Do you have any favorite company traditions?

At Lucasfilm, we’re lucky enough to have the opportunity to attend lectures with legendary filmmakers, actors and artists. The chance to learn from industry professionals inspires us all to do/be better, and practice our craft – both inside and outside of work.

Are there any types of skills or attributes (beyond the normal qualifications) that you think are important for?someone in your role or one like it? Any advice for those aspiring to join Lucasfilm?

Though fandom and knowledge of Star Wars is appreciated – I most value working among curious, caring people with a meticulous eye for detail. An old mentor used to tell me that “small pebbles will flip the wagon.” A resourceful person who can grasp the small details will get a lot out of a role at Lucasfilm, especially in Post Production.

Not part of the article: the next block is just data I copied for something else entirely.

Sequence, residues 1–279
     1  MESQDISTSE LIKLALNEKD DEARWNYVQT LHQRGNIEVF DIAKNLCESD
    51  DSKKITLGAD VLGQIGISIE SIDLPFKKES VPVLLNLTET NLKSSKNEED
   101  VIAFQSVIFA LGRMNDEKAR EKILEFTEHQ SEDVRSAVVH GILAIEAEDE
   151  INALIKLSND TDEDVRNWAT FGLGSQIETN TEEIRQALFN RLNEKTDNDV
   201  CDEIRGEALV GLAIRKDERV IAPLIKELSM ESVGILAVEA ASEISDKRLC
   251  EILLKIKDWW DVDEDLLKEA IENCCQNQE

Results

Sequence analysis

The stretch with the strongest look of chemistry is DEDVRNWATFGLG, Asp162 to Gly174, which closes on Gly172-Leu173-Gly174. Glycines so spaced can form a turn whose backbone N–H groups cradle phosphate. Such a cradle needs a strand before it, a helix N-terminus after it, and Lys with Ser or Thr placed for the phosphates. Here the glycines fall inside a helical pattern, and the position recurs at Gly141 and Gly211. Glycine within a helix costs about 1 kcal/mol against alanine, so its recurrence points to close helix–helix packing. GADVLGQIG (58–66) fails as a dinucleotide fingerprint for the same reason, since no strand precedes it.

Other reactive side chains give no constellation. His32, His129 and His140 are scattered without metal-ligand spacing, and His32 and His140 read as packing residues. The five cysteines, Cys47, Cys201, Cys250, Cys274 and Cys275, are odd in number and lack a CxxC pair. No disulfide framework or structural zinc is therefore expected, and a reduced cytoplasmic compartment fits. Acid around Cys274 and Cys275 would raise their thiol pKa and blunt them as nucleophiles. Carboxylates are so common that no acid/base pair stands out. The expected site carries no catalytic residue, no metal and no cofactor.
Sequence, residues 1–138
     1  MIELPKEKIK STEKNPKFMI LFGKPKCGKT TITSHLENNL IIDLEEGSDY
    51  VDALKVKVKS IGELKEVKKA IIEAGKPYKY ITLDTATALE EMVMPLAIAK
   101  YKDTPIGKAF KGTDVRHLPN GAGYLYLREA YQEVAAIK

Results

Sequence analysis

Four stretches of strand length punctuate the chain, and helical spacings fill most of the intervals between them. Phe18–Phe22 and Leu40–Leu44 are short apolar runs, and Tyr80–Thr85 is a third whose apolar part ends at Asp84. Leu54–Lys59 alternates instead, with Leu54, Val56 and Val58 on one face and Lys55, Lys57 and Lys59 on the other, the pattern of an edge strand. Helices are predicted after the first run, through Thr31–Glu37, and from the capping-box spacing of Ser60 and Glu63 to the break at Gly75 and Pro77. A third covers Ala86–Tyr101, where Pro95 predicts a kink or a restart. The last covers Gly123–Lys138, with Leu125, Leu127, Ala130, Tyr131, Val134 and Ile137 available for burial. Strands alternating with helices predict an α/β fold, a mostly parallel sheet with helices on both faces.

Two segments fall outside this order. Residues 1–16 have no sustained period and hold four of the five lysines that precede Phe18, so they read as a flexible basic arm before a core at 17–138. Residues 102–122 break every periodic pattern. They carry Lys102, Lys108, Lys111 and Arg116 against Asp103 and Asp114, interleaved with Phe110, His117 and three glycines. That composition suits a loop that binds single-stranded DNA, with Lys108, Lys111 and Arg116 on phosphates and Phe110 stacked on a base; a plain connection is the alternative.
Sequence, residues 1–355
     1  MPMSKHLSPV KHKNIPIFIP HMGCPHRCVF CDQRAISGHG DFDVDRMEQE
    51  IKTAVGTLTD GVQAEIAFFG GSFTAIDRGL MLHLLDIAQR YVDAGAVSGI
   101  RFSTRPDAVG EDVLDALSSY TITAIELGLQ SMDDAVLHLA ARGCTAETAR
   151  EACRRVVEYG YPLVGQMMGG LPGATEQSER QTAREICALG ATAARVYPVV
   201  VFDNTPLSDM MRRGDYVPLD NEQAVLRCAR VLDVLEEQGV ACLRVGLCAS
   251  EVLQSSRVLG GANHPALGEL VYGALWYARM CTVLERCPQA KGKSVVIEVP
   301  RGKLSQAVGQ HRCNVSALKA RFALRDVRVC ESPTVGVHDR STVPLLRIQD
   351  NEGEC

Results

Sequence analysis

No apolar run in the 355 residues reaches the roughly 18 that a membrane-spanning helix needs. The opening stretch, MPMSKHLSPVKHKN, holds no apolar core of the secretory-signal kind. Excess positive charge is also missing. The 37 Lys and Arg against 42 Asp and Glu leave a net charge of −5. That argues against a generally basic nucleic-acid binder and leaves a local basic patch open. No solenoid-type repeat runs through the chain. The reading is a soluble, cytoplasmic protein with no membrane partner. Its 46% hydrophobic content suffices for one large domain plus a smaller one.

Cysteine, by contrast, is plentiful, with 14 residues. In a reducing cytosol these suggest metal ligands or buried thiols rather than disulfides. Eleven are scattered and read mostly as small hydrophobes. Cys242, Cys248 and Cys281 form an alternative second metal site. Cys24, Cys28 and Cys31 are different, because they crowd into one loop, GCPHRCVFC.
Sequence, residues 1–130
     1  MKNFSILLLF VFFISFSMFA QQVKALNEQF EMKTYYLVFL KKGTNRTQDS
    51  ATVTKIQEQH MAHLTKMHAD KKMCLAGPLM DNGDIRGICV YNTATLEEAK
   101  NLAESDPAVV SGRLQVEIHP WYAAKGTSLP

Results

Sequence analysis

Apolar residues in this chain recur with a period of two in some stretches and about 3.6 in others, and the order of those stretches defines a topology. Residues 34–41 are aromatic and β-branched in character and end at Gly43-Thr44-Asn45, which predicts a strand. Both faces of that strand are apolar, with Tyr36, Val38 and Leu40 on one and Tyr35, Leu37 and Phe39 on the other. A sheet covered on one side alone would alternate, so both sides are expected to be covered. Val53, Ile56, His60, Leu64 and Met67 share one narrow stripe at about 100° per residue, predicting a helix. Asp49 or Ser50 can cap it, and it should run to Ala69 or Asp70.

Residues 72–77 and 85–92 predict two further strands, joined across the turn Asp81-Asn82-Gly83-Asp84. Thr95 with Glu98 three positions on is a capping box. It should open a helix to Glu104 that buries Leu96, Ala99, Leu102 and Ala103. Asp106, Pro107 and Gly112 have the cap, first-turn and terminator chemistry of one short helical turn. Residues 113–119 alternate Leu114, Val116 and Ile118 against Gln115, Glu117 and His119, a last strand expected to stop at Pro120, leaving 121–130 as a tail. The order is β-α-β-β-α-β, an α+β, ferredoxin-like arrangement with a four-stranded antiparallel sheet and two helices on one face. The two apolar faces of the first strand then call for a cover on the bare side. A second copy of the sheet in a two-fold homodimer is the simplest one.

I’ve done my best to build a career from?varied?experiences?in the field, and?hands-on?education?– so my advice?is to explore the industry.?Take chances to round out your skillset.

A resourceful person who can grasp the small details will get a lot out of a role at Lucasfilm, especially in Post Production.